Hi! At http://www.wikipedia.org you'll find Wikipedia, a great project to create an entirely free and open encyclopaedia. Athttp://www.wikipedia.org/wiki/Neil_Gaiman you'll find the entry for Neil, which has links to other entries for specific books and so forth, and at http://www.wikipedia.org/wiki/The_Sandman you'll find the Sandman entry, which has links to each of the Sandman collections and to a page on characters. I noticed all of these were a bit sketchy,occasionally inaccurate and sometimes non-existent, and have spent sometime lately fleshing the sketchy bits out, correcting the inaccurate bits and creating the ones that didn't exist. I was hoping that a) you'd find it interesting to read and b) you'd post these links on the blog, in the hopes that people both more knowledgeable and more concise than
myself will improve my stuff, this after all being the point of Wikipedia. Thanks a lot!
Not a problem.
1. When you decided on becoming a Writer, did you have trouble on deciding what type of novels you were going to write, for example you thought that maybe you were a science fiction writer, or a modern fiction writer. Or have all of your stories always been dark and macabre?
2. How many copies of American Gods have been sold worldwide. It's my favourite book of all time, and I know Sandman has sold 12 million (according to the British covers, but you never can trust them.) But I was just curious to see how my favourite book had fared across the world.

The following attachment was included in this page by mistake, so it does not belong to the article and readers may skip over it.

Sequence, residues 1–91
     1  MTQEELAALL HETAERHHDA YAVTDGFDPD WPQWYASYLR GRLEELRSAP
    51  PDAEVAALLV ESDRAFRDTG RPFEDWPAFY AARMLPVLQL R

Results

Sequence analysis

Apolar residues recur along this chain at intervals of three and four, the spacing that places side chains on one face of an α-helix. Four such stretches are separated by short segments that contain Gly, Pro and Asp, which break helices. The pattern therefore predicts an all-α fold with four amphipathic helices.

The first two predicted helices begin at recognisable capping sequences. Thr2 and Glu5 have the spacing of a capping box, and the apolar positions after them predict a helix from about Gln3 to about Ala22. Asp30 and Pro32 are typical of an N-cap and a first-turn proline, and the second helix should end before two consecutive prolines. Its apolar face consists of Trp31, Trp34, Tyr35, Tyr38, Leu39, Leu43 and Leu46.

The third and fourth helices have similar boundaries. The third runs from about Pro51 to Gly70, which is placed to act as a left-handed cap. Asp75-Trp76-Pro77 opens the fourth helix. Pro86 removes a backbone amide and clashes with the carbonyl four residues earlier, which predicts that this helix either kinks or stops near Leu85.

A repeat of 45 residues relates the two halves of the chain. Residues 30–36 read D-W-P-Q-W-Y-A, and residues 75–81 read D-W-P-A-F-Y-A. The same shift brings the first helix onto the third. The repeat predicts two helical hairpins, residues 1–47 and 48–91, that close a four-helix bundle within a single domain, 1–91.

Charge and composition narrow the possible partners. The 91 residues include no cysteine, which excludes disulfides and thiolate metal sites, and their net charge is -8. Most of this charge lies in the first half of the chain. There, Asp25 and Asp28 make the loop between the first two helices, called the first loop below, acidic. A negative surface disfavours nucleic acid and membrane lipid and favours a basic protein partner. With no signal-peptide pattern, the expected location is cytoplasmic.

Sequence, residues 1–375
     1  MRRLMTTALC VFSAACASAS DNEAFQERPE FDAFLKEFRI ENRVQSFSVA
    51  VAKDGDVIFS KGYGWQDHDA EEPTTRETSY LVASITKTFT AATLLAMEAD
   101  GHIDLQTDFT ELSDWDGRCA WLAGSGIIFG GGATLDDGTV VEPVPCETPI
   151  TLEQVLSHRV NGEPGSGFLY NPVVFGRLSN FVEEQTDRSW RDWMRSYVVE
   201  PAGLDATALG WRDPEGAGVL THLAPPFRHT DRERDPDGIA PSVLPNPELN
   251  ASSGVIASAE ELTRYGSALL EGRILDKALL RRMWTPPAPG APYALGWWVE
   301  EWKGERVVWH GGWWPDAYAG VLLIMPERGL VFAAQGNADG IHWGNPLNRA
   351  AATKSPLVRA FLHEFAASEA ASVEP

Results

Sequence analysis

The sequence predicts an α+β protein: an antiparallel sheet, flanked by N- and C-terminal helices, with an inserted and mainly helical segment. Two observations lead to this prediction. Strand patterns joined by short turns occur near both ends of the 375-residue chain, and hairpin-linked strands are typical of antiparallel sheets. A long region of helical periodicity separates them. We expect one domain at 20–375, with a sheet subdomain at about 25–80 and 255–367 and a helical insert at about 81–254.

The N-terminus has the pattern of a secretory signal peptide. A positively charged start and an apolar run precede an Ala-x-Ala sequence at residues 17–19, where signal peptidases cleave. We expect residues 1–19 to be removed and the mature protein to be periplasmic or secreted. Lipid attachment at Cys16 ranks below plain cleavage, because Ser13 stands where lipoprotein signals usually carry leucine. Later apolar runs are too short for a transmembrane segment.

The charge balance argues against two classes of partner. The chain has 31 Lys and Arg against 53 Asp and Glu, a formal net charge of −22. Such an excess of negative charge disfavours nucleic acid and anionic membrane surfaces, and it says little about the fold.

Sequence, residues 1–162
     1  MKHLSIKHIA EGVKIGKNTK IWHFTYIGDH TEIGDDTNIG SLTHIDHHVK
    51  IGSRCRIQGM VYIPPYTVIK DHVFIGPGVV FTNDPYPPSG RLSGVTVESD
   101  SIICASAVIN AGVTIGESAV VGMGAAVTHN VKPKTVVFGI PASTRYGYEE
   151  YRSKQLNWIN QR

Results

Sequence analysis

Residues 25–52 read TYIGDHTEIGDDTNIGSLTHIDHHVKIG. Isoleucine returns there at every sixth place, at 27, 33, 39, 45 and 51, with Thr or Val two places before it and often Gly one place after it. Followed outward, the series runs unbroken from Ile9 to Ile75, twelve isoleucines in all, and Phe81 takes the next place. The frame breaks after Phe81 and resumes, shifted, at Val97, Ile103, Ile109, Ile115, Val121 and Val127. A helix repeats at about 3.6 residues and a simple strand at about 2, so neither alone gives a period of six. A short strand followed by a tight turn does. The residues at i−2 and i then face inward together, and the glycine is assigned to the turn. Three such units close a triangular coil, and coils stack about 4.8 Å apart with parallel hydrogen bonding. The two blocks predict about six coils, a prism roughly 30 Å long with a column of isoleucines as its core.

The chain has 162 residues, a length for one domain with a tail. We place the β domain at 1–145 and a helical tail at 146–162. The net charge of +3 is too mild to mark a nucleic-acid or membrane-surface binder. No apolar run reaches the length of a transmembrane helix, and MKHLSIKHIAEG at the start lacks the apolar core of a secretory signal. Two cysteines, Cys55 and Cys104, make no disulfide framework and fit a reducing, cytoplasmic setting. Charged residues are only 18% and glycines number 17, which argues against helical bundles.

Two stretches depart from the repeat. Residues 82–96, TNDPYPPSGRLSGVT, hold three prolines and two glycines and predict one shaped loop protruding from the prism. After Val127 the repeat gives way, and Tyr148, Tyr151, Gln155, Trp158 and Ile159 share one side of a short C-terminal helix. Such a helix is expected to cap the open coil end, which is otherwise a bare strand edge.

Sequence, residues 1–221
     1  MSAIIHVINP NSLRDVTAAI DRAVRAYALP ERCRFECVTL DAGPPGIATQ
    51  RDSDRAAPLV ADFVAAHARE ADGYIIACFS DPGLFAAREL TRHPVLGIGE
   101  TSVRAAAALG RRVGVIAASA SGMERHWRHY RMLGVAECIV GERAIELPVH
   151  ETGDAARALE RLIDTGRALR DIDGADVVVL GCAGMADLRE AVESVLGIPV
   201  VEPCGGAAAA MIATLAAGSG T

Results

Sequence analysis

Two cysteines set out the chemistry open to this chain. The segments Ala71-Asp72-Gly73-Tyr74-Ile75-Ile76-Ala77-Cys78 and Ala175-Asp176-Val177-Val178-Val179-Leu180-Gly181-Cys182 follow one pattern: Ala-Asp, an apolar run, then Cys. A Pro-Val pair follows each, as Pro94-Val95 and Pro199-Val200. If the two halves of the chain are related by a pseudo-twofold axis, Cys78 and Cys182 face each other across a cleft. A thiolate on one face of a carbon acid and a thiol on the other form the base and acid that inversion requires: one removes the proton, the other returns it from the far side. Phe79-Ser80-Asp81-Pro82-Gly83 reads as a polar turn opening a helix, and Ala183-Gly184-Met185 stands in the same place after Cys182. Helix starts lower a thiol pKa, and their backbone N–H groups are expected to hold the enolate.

3. Are you planning on writing a huge mammoth book like American Gods again, aimed only for adults, as that would be cool.
Thanks for your time, don't let me disrupt your work.
1 -- Good question. I think I thought I might be a science fiction writer. I don't think all of my stories have been dark and macabre -- Stardust isn't dark, for example, and it's only faintly macabre. Much of Sandman is quite sunny and only macabre around the edges. The Day I Swapped My Dad For Two Goldfish was practically not macabre at all.
2 -- well, it's not done selling yet. I actually don't have any figures in for France, Italy, Brazil, Israel, etc.
But in the UK it had sold around eighty thousand copies between hardback, trade paperback and the recently released paperback, the last time I heard. The US has sold around a hundred thousand hardbacks and so far about three hundred thousand paperbacks, and it is still doing very well (it's not been off the Northern California Independent Bookseller bestseller lists since it came out, normally at # 1 or #2). The publisher would say that US and UK paperbacks continue to sell 'briskly" and have both gone back to press again recently.
3 -- Yes. But not yet. I want to do another book that will be done in a year or less before I dive into something huge. (There are two huge books in my head, at present -- Time in the Smoke and Night. But both of them will wait for me.) I don't have to decide until I pick up my pen toward the end of the year, but I think Anansi Boys will probably be next.